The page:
One of life’s sad ironies is that the owners of family businesses often end up having far more acrimonious business relationships than people who are unrelated. This happens simply because of the family relationships and because there aren’t appropriate barriers put in place to prevent them.

One of the ways to prevent these fights is to have a well drafted shareholder or operating agreement in place before the problem(s) arise. Other than one’s Will, a shareholder or operating agreement may be one of the most important documents one has to protect the family business and prevent the discord. If properly drafted, these documents can be a critical vehicle to protect both one’s family and business from events such as those listed below.

How can I?

  1. Transition shares in the business and make gifts to my family while keeping voting control of the business
  2. Protect my spouse and descendants in the event of my death
  3. Protect the ownership of the business in the event of (a) divorce, (b) death of a shareholder/ member, (c) disputes among partners or (d) claims of creditors against a shareholder/member
  4. Balance and recognize the contribution of active family member(s) versus passive family members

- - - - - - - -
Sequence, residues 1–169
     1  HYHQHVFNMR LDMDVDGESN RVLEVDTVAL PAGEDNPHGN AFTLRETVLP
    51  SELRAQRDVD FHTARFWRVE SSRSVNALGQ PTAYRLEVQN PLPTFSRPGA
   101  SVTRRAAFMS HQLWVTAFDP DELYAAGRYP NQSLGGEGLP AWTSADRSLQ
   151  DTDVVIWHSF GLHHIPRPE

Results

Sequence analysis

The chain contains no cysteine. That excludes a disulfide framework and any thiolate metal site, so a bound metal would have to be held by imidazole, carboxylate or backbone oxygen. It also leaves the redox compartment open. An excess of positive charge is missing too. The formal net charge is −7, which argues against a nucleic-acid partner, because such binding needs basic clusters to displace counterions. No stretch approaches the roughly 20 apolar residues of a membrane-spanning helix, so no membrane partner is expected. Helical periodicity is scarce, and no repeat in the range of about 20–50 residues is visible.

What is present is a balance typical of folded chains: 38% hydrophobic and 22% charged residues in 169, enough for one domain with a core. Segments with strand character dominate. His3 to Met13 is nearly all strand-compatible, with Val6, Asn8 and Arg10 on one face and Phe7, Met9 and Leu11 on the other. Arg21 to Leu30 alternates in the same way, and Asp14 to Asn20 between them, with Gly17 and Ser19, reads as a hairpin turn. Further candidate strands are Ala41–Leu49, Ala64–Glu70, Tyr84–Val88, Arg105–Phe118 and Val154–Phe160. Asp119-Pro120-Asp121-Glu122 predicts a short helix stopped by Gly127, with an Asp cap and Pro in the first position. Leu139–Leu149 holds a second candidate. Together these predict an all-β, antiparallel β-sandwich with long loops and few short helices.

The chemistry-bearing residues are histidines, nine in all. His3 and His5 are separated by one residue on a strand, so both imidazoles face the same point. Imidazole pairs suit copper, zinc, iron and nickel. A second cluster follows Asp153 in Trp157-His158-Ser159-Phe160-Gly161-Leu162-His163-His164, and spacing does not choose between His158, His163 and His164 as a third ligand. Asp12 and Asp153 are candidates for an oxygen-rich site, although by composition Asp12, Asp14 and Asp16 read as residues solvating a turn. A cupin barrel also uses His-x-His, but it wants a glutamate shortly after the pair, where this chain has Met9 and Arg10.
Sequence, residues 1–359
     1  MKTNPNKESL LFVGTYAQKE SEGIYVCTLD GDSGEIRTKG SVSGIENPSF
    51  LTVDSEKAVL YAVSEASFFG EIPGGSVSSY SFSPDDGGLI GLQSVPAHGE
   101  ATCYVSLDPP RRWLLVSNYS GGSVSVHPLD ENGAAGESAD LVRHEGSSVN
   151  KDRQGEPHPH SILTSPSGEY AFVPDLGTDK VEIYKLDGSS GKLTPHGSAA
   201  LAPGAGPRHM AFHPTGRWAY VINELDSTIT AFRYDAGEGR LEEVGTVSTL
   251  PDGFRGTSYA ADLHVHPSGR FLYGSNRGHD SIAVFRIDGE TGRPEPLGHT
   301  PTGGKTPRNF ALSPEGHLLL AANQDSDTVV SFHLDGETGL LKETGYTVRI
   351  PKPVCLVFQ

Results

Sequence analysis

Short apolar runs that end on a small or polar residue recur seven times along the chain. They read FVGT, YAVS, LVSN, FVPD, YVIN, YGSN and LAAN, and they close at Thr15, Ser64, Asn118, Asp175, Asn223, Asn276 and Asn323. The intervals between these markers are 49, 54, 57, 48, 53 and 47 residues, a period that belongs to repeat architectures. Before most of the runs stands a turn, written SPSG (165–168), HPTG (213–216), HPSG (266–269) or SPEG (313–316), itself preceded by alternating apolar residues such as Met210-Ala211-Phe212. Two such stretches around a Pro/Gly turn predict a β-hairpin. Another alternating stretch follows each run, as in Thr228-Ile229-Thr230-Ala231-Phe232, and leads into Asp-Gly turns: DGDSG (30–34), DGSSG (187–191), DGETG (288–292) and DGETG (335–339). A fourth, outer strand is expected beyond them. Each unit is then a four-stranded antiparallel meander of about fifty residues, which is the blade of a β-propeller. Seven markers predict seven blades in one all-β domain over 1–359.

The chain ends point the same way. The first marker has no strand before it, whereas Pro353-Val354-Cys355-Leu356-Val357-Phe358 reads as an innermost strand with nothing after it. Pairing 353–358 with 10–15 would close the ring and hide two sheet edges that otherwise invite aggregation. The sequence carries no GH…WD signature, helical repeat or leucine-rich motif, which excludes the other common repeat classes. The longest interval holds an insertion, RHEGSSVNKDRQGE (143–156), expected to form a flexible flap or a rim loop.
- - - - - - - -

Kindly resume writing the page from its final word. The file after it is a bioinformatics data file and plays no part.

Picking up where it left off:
5. Make distributions to family members and balance it against liquidity issues facing the business, including financial covenants in credit agreements and the need to cover tax distributions
  6. Determine the fair market value of the Company and its shares, which includes dealing with the conflicts between creating a value for estate tax purposes versus providing a fair market value to family members
  7. Incentivize my employees
  8. Balance the role of life insurance as a part of my planning

What happens if?

  1. I die or become disabled, or if my partner dies or becomes disabled
  2. If my partner or employee quits or retires from the business
  3. If a member/shareholder has made loans or guarantees the Company’s loans and he dies or leaves

Would I want any of the following individuals owning units/shares in my business?

  1. My former spouse or my partner’s former spouse
  2. My partner’s current spouse or his/her children (especially minor children)
  3. An employee who is terminated for cause and now works for a competitor
  4. A creditor, or a creditor of a shareholder
  5. Your client’s spouse or his/her children
  6. Children by a former marriage (or current marriage) where the business is being run by other family members
  7. The Internal Revenue Service

We have dealt with all these issues at one time or another.

We often find that our clients prepare a shareholder agreement, then don’t review it for years, and find that when they are called upon to enforce it, many of the terms and provisions in it are outdated, don’t address their issue(s) or provide for an unintended result if implemented. This is particularly true when formulas are created to determine the fair market value of the Company and aren’t reviewed on a regular basis.